March 12, 2013
Barack Obama (6) v. Jimmy Carter (11)
Another matchup of deeply flawed presidents presents itself here between two Democrats, Jimmy Carter and Barack Obama. Carter is widely regarded as one of the very worst presidents of all time, but Barack Obama despite and perhaps because of the refraction caused by a lack of historical perspective, is regarded by at least 51% of the population as a pretty good president. The rest of America, not so much.
Carter tried a little too hard. James David Barber of Duke’s book “Presidential Character” analyzed the modern presidents based on their character traits. Carter reportedly invited Barber to the White House and spent the day carefully scripting his actions so as to produce what he deemed a positive analysis in the next edition of Barber’s book. He was not fooled.
Jimmy Carter, a lowly 11 seed in our tournament, is most known for writing thousands of useless cookbooks and self-help guides once he left office in shame after one term in 1981. During his presidency, he is most known for his platform for human rights. Largely, this was an accident of circumstance stemming from his campaign which polled well when he was seeking the Democratic nomination and needed to woo disparate parts of the Democratic Party to unify behind him. Read the rest of this entry »
March 10, 2013
In the spirit of March Madness, I’ve begun to work on a series (that will take as long as it needs to) of blog posts for a presidential bracket. I think it is a fun way to look at some of the lesser known attributes of some of our Chief Executives, to think about what makes a good president, and to perhaps rethink some of our own prejudices and notions about America’s political history. 44 presidents (including two Grover Clevelands) will compete in four different regions for the title of best president of all time. The selection committee has set the field, divided into four regions (East Wing, West Wing, Oval Office and Rose Garden Regions) and the participants will compete based on several criteria:
- Problems that the president faced internationally or domestically and how he dealt with them.
- Problems that he caused internationally or domestically and how he dealt with them.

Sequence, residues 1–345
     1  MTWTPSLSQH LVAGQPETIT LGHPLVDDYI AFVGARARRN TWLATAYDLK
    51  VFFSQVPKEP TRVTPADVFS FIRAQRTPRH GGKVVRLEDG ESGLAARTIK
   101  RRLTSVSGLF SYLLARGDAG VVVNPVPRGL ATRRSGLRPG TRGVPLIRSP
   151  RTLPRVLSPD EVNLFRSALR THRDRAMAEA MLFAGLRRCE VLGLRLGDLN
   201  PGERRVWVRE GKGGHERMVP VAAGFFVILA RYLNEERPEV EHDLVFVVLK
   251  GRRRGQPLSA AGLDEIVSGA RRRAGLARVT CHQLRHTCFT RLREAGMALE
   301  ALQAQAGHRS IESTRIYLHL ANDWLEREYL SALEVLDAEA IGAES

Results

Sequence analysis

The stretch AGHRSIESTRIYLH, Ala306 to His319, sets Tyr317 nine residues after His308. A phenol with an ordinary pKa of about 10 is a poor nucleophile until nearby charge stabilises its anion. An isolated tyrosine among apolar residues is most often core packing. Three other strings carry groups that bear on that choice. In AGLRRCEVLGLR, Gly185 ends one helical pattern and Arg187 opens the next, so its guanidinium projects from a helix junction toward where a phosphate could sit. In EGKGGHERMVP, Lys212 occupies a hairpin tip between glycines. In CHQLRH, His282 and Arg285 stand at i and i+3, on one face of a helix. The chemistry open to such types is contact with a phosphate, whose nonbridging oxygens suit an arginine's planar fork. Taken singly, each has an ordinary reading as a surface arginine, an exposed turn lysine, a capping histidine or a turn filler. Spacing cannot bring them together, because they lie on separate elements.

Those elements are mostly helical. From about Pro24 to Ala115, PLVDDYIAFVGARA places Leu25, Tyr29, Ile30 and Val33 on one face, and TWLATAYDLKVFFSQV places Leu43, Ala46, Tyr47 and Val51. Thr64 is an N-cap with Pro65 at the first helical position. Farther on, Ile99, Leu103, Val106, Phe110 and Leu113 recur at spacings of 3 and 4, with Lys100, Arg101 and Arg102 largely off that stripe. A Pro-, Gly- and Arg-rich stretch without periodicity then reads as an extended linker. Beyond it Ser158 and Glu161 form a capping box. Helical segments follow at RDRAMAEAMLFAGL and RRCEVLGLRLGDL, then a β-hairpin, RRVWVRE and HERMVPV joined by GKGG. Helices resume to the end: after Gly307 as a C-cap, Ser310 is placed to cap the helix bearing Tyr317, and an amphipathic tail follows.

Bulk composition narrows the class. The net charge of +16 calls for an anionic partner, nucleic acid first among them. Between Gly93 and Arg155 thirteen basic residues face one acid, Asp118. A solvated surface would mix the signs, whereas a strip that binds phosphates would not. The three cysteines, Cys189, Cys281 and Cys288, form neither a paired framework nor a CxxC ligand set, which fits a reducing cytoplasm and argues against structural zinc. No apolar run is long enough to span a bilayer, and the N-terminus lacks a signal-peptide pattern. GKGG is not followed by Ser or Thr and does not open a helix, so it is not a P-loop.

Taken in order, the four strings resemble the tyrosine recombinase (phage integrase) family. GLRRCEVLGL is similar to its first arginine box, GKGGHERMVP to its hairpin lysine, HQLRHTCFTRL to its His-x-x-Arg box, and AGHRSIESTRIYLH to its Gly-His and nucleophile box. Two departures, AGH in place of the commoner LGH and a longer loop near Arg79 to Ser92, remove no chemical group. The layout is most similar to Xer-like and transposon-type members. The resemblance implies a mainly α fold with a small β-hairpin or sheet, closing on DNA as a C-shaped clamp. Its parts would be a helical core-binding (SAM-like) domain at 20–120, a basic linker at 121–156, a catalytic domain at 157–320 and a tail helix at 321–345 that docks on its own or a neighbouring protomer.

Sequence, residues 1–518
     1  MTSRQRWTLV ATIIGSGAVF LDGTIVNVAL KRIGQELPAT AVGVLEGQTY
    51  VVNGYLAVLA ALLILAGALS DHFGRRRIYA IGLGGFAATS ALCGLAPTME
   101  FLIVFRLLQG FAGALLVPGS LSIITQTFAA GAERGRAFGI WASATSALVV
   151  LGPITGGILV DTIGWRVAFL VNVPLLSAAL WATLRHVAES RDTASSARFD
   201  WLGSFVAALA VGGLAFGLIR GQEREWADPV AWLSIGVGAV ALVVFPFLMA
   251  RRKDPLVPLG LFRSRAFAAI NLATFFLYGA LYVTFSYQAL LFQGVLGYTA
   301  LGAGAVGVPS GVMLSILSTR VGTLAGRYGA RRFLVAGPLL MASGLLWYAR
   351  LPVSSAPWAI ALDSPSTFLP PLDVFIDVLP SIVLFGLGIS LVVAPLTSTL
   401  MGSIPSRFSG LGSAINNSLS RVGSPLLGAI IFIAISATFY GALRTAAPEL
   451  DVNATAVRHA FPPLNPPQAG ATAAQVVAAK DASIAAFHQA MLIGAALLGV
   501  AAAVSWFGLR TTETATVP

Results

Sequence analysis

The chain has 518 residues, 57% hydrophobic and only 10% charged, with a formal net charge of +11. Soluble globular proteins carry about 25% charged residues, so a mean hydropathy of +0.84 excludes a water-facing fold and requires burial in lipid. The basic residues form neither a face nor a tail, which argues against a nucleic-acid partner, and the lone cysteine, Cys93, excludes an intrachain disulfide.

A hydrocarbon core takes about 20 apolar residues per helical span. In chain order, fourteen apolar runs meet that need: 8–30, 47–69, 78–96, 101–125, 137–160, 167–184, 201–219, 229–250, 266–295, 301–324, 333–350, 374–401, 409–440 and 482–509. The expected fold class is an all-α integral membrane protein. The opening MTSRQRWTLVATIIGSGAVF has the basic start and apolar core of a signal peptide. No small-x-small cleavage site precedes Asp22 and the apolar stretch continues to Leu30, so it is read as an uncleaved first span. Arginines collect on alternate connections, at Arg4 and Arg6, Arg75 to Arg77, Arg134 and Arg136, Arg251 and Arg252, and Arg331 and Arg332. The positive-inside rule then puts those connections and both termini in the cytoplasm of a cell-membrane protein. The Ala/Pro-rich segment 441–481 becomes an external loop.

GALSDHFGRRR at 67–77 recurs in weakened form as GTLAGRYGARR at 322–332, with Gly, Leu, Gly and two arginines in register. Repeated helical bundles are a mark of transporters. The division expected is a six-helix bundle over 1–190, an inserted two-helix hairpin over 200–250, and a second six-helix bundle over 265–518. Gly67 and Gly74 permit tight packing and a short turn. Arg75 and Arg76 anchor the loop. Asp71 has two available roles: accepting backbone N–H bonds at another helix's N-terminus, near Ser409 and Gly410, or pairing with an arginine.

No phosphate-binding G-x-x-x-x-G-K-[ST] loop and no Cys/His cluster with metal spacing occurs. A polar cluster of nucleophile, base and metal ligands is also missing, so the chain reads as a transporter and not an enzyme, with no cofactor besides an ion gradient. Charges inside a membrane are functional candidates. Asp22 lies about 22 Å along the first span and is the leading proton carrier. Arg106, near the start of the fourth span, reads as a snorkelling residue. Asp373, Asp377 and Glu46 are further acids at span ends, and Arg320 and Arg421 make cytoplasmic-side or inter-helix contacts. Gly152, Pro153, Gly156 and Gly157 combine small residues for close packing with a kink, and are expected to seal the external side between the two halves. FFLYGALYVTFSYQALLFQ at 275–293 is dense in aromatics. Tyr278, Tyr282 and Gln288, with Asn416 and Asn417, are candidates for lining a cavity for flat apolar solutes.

- How the president affected the prestige of the office or conducted himself.
- Short term positive or negative effects of the presidency.
- Long term positive or negative effects of the presidency.
- How did the president upheld the oath of office?
- How did he use presidential power?
- How the president changed or shaped the presidency–was he shaped by events or did he control the narrative?
Fill out your brackets, argue about it with your friends and family, and then strap yourself in for this series. We will start the tournament off with the Rose Garden Region’s play-in games. Read the rest of this entry »
May 25, 2010
A movie derived from Barack Obama's presidency is not one I care to see. How about you?
Michael Douglas’ portrayal of president Andrew Shepherd in the 1995 romantic-comedy The American President fully encapsulated the distracted and whimsical state of presidential politics that real-life president Bill Clinton practiced at that time. This romanticized version of the American presidency was rooted in some order of truth—the presidency in the Nineties was all about a womanizing megalomaniac who was too preoccupied by his personal dalliances to meddle with policy. That is, policy beyond that which would effect his approval rating. Leo Solomon, played by John Mahoney, perfectly embodied the political meme of the day with his shallow line: “politics is perception.” Derivative? Yeah, it was. But that was what it took for president Bill Clinton to sustain his personal brothel at 1600 Pennsylvania—surviving only through his penchant for buoying his poll numbers with staged walks on the beach and puffing out his lower lip.
So what would a movie about the Obama Administration be like? Well… Read the rest of this entry »
June 22, 2009
In November of 2008, Americans in record numbers voted for dubious terms such as “hope” and “change.” In doing so, we’re told, those who elected Barack Obama as the 43rd president of the United States (Grover Cleveland served twice—should we really count that as two?) declared eight years under George W. Bush an utter failure. But was it? What if we were to ask ourselves that infamous question from the Ghost of Elections Past: “Am I better off today than I was eight years ago?”
When Bill Clinton took the walk of shame in 2001, most Americans didn’t have a cell phone. Today, not only does every family have one, but nearly every grade schooler has a cellular appendage, and our mobile phones are now used to browse the Internet, play movies, and for your teen to send risqué pictures of his girlfriend to the entire senior class. When the dust had finally settled from Al Gore’s post-recount Ben & Jerry’s binge, most Americans’ web access consisted of a shrieking dial tone connecting them to something called Geocities.com or Yahoo.com. Today, we connect wirelessly to Google, Facebook, Youtube, and we twit at an alarming rate. Read the rest of this entry »